Scott Speedster S35 £899

Good all-rounder for adverse weather and long rides

BikeRadar score 4/5

Scott's Speedster S35 lives up to its name. This is a quick, enjoyable bike with no major vices and a thoroughly planted feel that’s deeply reassuring in bad weather and comforting on longer rides in the hills. Along with the cheaper S55, this is one of two UK-specific models in Scott's Speedster range for 2011. They're variants on the S30 and S50 respectively, with more space for mudguards and fatter tyres.

  • Frame: Tidy and forgiving, the S35’s frame wouldn’t be embarrassed by substantial equipment upgrading, and lends itself well to year-round adventures (8/10)
  • Handling: Predictable, accurate and surefooted, it doesn’t put a tyre wrong in poor conditions, yet remains light and inspiring for better days (9/10)
  • Equipment: Great to see Tiagra shifters and a well thought out gear range in an overall good spec, but we’d like mudguards in the package, and the brakes are unimpressive (8/10)
  • Wheels: Competent but not flashy, the Alex rims, Scott-branded hubs and Continental tyres are tempting targets for eventual upgrades (9/10)

The heart of the Speedster is a double-butted 6061 aluminium frame and carbon fork with aluminium steerer. This is mature technology, and the frame that Scott's designed around it is stable and precise. It drops evenly and accurately into corners and makes short work of high-speed descents. On one test ride we had no hesitation in letting it rip down the 40mph plummet back to the office, despite being buffeted by gale-force winds.

The carbon fork takes the edge off rough road surfaces while still being adequately stiff. With its aluminium steerer it’s no featherweight, but that helps keep the S35 firmly on line: it simply shrugs off minor deflections such as road debris and potholes and ploughs on merrily.

At a little over 9kg (20lb) without pedals, the Speedster S35 is decently light for a size 56 bike in this class. That manifests in its cheerfully cooperative nature when the road points up. The compact chainset and 26-tooth largest sprocket help, though on the steepest of our local climbs we were wishing for the 28-tooth listed in the official spec.

Nevertheless, the only thing holding the S35 back on climbs is your ability, not the bike’s. The Truvativ Touro compact chainset and SRAM 12-26 cassette are mated to a mix of Shimano components: Tiagra shifters and front derailleur, and a 105 rear derailleur. The rear plonks along with typical Shimano efficiency, but the front upshift is a shade slow. It gets there eventually, but if you’re going to slap it into the big ring for a speed-limit-sign sprint, you’ll want to pick your gear early.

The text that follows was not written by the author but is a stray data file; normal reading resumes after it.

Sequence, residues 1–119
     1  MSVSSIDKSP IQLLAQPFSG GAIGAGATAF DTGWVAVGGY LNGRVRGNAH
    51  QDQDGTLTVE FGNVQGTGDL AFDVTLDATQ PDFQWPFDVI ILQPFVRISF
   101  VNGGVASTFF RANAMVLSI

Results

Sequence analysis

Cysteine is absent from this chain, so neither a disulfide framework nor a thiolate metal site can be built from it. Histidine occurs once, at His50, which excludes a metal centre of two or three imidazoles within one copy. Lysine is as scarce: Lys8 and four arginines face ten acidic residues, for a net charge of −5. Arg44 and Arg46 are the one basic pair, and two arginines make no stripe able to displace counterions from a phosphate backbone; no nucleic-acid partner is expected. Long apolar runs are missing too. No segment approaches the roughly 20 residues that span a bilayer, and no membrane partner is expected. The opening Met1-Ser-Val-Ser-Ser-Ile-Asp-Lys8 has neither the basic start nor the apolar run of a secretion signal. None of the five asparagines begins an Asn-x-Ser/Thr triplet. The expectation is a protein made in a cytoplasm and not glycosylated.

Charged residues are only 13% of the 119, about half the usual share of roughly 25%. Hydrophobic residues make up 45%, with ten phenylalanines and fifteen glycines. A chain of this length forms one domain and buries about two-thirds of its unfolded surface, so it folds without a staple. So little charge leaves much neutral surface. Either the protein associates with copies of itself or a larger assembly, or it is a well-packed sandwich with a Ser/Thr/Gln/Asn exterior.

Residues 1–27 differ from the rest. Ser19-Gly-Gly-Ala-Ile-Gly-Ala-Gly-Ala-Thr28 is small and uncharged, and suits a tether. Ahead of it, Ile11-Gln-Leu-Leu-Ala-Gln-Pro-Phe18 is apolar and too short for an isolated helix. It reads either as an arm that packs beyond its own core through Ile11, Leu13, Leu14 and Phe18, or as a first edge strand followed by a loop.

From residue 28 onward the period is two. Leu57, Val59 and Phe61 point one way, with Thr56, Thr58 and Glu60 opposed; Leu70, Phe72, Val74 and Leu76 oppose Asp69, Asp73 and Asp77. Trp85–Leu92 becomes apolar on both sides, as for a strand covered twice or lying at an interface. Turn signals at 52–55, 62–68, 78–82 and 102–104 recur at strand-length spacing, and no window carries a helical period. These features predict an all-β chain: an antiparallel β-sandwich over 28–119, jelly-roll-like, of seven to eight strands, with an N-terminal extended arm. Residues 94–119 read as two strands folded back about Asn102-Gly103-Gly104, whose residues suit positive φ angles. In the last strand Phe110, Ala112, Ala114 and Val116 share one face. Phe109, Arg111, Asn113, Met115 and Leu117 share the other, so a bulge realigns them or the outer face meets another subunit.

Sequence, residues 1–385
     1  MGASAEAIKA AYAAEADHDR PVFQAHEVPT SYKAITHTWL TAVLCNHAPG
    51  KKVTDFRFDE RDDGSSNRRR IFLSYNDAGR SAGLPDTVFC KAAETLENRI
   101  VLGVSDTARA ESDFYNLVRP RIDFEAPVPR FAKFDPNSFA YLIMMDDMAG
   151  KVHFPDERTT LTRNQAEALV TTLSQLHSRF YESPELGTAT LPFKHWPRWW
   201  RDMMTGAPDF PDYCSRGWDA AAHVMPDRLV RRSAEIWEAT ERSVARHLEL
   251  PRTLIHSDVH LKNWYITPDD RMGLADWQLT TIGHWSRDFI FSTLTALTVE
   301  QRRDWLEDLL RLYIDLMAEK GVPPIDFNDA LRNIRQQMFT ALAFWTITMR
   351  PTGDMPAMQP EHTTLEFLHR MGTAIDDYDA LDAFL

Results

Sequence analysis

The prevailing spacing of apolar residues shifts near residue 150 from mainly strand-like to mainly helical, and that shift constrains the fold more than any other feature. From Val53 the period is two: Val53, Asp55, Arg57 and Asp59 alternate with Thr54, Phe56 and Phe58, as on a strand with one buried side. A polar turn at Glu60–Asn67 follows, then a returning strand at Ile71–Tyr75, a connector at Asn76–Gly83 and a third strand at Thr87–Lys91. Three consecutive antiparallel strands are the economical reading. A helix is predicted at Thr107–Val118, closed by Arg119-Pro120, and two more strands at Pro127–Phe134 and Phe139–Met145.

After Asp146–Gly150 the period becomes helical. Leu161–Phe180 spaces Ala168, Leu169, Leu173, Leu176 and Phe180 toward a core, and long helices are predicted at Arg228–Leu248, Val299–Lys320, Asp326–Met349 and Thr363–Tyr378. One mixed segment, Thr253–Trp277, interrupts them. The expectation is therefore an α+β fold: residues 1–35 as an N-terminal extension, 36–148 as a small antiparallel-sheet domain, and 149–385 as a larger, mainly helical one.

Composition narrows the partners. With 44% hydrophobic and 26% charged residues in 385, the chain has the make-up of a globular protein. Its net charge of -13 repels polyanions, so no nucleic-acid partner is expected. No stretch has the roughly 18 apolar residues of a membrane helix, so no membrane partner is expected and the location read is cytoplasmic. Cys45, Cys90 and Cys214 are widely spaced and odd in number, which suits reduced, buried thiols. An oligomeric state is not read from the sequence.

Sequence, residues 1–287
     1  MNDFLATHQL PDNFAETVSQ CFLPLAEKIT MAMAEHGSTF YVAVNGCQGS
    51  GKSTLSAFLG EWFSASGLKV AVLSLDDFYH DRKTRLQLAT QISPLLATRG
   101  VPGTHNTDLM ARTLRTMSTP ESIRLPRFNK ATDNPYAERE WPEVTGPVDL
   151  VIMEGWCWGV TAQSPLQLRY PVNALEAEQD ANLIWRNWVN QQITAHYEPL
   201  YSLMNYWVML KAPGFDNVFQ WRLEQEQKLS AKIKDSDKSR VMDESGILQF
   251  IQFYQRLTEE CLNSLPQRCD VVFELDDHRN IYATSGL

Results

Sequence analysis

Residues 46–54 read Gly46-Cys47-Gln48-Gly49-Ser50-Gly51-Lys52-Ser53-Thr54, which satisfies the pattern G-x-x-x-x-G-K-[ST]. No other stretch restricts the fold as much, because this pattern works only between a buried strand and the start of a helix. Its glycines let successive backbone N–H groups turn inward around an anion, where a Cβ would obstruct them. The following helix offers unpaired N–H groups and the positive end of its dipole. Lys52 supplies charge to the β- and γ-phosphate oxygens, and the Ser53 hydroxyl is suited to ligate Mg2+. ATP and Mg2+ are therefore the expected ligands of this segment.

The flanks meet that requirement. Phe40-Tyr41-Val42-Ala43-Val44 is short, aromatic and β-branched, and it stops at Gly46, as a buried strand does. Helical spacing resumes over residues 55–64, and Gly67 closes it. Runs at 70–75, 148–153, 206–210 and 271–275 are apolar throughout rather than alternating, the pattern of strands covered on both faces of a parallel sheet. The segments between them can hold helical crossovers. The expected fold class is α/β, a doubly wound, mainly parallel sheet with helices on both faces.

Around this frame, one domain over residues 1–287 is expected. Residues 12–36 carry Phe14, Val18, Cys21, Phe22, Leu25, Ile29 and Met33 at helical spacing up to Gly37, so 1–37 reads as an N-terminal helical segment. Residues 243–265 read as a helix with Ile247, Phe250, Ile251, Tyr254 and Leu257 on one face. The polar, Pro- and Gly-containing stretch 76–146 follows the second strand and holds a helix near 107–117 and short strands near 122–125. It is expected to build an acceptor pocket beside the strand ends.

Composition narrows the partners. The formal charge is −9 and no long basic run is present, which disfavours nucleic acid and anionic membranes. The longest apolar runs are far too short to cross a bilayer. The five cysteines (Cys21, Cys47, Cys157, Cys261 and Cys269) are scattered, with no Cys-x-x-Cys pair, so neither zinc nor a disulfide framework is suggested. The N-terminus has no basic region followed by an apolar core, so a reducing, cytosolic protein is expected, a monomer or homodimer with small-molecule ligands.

The S35’s Continental Ultra Sport tyres are decent compromise rubber. In this 25mm incarnation they provide cushioning and fair grip in the wet, but aren't the fastest or toughest around. You might want to swap to something quicker for the summer, or more puncture-resistant for the winter.

The Alex 28 Aero rims are built onto basic hubs to make light, laterally stiff wheels that contribute to the bike’s overall feel of reassuring solidity. The white paint finish looks good on the shop floor but cracks when you take a tyre lever to it – we’d prefer good old silver.

The cockpit is all Scott own-brand gear, with a comfortable, flat-profile, well-padded saddle and a short-reach shallow drop bar for a cruisy riding position. The bar won’t suit everyone, though. One of our longer-bodied testers was unable to get comfortable on the hoods despite fitting a longer stem and dropping the front end right down.

The only really significant negatives are the Scott-branded Tektro brakes, which lack authority, especially in the wet. While an upgrade to something like Shimano R650s won’t be cheap, it would pay off in terms of better control. Other welcome features include rack mounts on the chainstays so you can press the S35 into luggage-carrying service, and a chainhanger pip on the inside of the left seatstay so you can hook the chain out of the way when you drop the wheel out.

We’re disappointed not to get mudguards included in the price, though. Not only would this save £25 or so, it would spare you the faff of fitting them. That said, we threw on a set of Crud Roadracers and they worked well.

Overall, the Speedster S35 is a really well-executed all-rounder for UK conditions. With room for fat tyres and mudguards it’ll get you through the winter, and when the weather turns good its ride manners are impeccable.

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